Setting Emotional Boundaries in the Workplace



How can you keep up your energy  and stay centered in a highly stressful, busy and emotionally charged  workplace enviornment?

Emotional contagions refer to how we spread and pick up emotions in social situations. We quite literally, ‘catch’ other people’s moods. This usually happens without our awareness; through mimicking of the facial expressions and body language of people we interact with. By unconsciously copying other people’s expressions, we begin to feel a trace of their emotions.

This ability is useful as is facilitates empathy and smoother social interactions. Paradoxically, we have little awareness of this process and of its significance. This lack of understanding leaves us susceptible to unconsciously picking up negative emotions from others. This can be problematic, as science has shown that negativity narrows our thinking and our ability to see solutions to problems.

People working in psychologically high-risk professions need to learn how to filter other people’s negative emotions. Being surrounded by chronic anxiety, fear, frustration, and depression can wear us down and make us more permeable to the negative feelings of others. Taking on other people’s drama is emotionally exhausting – making us less resilient when it comes to handling our own life stresses.

Fortunately, there are steps we can take which can enable us to choose what emotions we let in, and which ones to keep firmly out!



1. Learn to Neutrally Observe

Learning to neutrally observe the play of emotions in our interactions helps us to understand what’s happening objectively – without getting drawn in. In emotionally charged situations, train yourself to distinguish between your own emotions and those of others. Focus on your breath – taking deep, slow breaths reassured our body that everything is ok. Ask yourself ‘Does this feeling belong to me or someone else? It could be both. If the emotion such as fear or anger is yours, gently confront what’s causing it. If not, try to pinpoint the originator. Notice when you are reacting to another’s negativity – a clear indication is when we feel our own body tensing up – our posture can become more rigid and our breathing more shallow. Don’t worry if you don’t get this skill at first, learning to neutrally observe in an emotional situation takes a while to master. Regular mindfulness practice, such as meditation, can be hugely helpful for helping us to remain more neutral and centered when confronted with our own someone else’s negativity.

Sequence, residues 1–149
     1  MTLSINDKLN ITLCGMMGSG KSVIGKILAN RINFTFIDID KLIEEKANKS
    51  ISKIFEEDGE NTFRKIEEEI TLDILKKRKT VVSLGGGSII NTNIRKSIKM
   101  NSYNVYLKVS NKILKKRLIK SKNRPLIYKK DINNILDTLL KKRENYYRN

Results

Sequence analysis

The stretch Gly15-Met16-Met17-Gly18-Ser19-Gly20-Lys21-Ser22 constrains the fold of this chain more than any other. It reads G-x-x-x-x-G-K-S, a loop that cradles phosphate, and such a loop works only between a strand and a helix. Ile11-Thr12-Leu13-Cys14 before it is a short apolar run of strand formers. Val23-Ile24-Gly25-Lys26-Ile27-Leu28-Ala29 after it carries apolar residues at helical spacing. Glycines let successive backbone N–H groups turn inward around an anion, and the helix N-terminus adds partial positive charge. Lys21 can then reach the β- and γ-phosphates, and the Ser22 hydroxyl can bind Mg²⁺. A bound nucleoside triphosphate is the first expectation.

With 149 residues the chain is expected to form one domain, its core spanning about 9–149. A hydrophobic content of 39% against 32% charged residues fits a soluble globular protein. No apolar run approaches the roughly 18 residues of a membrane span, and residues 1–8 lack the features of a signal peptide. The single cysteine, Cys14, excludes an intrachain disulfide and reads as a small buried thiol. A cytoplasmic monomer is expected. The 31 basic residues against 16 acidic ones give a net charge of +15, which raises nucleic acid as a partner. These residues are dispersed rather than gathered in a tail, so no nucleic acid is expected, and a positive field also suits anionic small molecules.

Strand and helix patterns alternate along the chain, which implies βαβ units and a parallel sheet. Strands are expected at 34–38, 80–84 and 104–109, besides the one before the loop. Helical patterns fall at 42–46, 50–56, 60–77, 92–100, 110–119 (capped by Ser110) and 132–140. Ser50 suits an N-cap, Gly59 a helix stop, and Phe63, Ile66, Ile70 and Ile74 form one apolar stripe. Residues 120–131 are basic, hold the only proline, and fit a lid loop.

2. Choose Positive Company

Who are the most positive people in our workplace? If you find that you regularly in the company of people who spend most of their time griping, complaining and generally focusing on the negative –  there is something you can do about it. Our happiness levels are directly influenced by the people we spend the most time with. For example if a friend who lives within a mile of you is happy you are 25% more likely to be happy! Spend time with a colleague who affirms the bright side of things. Listen to hopeful people. Hear the faith they have in themselves and others. Remember, positive emotions are contagious too!

3. Practice Acceptance

When you find yourself stuck  in a situation with someone who is acting negatively, accept it. Allow this individual to whine, complain and criticise to their hearts content.  Listen, breathe and stay neutral. Remind yourself that the negativity is not yours, and that you don’t have to take it on. After 5 minutes have passed, as sincerely as possible, ask, “Can I help?” If they reply, “Yes, you can help”, then do so if reasonably possible.

4. Empathise without Collaborating

Sometimes we feel compelled to get sucked into or try to fix other people’s drama. This can from the belief that this may help them or the situation. However, this strategy rarely helps. Instead, we unwittingly become a collaborator in their drama. In addition, when we or take on someone else’s emotional drama or somehow try to ‘fix’ it, we subtlety reinforce their belief that they are incapable of dealing with difficult emotions or situations themselves. By collaborating in their drama we unwittingly enable them to avoid taking ownership of it. This deprives them of the opportunity to face a challenge themselves and learn from it.


If you want to read more about the science of emotional contagions, check out

If you want to find out more about how happiness is spread here’s  great article- Fowler, J. H., Christakis, N. A., Steptoe, & Roux, D. (2009). Dynamic spread of happiness in a large social network: longitudinal analysis of the Framingham Heart Study social network. BMJ: British medical journal, 23-27.

Catherine O' RiordanRead all author posts